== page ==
How to Manage Guests with Emotional Health Issues

By Rita Anya Nara Author, The Anxious Traveler | January 26, 2014

Guests who thump their luggage up and down the stairs to avoid a claustrophobia-inducing elevator. People who leave unsanitary conditions in their hotel room – then leave the do not disturb placard on the door for days. People who call you to report every noise down their hallway. Guests who play head games with other patrons who, when they leave, will remember your hotel for "that guest" – not your good customer service. What will you do the next time "that guest" arrives with a reservation and enough "baggage" to weigh you down for days?

There are many thousands of business and leisure travelers who suffer from chronic anxiety, panic disorder, post-traumatic stress disorder, social anxiety, OCD, or manic depression – and they all need a place to stay. Guests with emotional health problems can be disruptive, destructive, unreasonable, and just plain unpleasant, creating a stressful atmosphere on their best days – and disturbing the peace on their worst. They can engage in many antisocial behaviors out of frustration or unhappiness that have nothing to do with you, their fellow guests, or your hotel. Most everyone has hosted "a head-case with suitcase" at one time or another. What can you say or do to successfully manage a troubled guest – and even make them happy?

There are ways to put yourself in your troubled guest's shoes (if not their frame of mind) to understand what they're looking for, and how they communicate. If you go a little out of your way, you can keep the peace – and even bring out the best in someone who has been rebuffed elsewhere, and has repeat customer potential.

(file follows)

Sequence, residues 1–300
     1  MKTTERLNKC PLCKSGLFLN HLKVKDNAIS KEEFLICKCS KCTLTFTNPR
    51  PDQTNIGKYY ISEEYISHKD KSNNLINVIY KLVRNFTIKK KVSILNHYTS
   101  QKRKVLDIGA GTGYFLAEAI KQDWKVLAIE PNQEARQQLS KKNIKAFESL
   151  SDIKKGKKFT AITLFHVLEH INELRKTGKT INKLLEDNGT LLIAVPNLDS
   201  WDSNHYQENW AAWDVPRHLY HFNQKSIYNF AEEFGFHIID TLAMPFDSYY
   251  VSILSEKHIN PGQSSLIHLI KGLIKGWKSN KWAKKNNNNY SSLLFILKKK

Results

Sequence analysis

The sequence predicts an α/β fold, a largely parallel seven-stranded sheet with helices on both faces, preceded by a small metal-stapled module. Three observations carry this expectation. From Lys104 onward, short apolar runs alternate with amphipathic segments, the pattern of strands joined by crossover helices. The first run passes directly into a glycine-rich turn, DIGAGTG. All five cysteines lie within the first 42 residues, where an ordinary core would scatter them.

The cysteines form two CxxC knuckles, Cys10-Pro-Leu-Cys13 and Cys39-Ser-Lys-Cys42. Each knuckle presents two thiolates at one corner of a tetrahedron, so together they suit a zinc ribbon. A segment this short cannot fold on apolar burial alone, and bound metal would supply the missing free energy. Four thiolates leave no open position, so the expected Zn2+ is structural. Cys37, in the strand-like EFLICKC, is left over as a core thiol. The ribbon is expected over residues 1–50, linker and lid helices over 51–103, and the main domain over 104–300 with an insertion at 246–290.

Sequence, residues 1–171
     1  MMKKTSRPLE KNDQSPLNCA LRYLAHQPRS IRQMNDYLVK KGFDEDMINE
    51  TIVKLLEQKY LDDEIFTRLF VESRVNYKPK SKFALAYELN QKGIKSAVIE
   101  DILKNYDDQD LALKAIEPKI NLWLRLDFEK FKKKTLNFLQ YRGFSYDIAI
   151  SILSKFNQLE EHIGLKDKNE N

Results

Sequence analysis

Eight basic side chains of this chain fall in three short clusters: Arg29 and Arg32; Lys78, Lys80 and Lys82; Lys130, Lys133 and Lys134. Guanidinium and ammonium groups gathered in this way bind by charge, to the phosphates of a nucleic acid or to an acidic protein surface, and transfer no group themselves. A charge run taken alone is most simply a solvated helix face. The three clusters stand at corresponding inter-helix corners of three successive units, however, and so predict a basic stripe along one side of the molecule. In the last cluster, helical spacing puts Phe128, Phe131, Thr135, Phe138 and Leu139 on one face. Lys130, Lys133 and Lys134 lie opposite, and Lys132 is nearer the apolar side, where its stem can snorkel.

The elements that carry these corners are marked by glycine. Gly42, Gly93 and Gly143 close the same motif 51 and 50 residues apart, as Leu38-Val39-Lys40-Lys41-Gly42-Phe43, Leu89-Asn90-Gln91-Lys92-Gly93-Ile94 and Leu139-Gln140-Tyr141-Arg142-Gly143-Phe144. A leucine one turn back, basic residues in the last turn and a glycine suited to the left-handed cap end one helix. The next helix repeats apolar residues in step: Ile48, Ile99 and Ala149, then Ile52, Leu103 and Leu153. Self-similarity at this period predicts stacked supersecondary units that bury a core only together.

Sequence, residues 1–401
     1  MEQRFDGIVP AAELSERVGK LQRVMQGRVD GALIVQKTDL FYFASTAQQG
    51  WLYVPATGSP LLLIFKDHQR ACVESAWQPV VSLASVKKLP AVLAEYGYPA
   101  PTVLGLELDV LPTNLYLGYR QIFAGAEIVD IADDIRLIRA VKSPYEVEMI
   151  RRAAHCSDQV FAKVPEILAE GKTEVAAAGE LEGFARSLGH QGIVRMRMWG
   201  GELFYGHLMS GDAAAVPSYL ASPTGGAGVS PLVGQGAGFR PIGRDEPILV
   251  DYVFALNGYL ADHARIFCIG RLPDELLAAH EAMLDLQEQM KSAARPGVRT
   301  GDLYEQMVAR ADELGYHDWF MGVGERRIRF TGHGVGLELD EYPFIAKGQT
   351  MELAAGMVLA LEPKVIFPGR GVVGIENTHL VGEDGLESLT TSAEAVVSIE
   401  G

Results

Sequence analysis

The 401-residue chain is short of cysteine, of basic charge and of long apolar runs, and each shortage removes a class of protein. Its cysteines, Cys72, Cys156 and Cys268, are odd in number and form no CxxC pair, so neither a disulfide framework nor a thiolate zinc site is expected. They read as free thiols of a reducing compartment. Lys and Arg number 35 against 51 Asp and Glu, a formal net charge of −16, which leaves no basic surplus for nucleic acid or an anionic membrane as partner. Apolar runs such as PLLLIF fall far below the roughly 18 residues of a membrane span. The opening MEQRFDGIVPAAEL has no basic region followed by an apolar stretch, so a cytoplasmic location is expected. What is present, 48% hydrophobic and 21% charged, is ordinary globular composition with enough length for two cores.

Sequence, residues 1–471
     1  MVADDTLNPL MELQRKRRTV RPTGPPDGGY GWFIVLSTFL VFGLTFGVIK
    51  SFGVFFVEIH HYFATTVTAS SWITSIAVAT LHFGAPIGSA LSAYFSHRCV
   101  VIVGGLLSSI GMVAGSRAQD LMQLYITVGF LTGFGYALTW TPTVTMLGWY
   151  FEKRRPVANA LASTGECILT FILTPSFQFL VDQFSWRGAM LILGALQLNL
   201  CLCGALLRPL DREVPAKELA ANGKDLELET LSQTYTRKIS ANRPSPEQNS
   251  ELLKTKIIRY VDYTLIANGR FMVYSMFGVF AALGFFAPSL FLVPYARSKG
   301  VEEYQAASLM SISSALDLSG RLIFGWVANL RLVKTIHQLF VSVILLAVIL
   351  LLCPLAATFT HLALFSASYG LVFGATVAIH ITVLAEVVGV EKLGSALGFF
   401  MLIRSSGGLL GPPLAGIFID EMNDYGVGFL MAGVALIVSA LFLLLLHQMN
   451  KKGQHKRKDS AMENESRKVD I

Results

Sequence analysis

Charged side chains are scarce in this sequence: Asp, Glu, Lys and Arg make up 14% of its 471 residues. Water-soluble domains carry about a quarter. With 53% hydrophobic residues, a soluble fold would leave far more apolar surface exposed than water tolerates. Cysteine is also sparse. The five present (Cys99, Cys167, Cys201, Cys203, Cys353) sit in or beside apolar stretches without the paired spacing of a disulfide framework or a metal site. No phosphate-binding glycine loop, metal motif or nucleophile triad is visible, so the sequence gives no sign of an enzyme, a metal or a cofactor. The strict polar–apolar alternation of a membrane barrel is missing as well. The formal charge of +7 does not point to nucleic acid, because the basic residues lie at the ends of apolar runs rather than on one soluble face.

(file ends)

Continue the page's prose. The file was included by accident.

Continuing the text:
Read emotional cues, and start off on the right foot. "Difficult people" are fairly easy to spot: you notice them yelling at someone on the phone before checking in, or being snide to your doorman, or pulling you up and down their power-tripping roller coaster. People with emotional health problems – while occasionally suffering from outbursts of anger or frustration – often don't exhibit such obvious behavior, but can be just as challenging to interact with. These guests have a hard time making eye contact, may mumble or stutter, or get distinctly uncomfortable if their personal space is compromised. They're usually traveling alone (and not without good reason). They may grow defensive when asked casual questions about themselves or their travel plans, and they may have trouble focusing on you – or they may stonewall you, responding only to what they want to hear.

How do you put such a guest at ease, or even successfully check them in? Try not to focus on their antics, or start thinking about why the guest is the way they are. When people with emotional problems feel like they're being scrutinized or analyzed, they usually become more self-conscious and defensive. Compounding the issue is that many such guests suffer from self-neglect and poor hygiene; they're easily embarrassed and often feel deeply ashamed of their appearance. These guests can come off as cold, rude, or awkward even when confronted by your smiling face and a beautiful room. Don't lose your confidence, either in yourself or your establishment: remember, it's rarely, if ever, about you.

People with emotional health problems seldom intend to be difficult; in fact, they often go running from "difficult people." Many simply don't feel well, and have driven off loved ones who might have helped them. If your guest is stonewalling you, focus on their physical health, asking about jet lag, fatigue, sore feet, what they ate on the journey, etc. This almost always gets a troubled guest to open up to you – at least enough that you can get them to their room. Remember, you're not ever going to solve a guest's emotional problems – but you can get their mind on taking care of themselves (and your mind back to your other guests).

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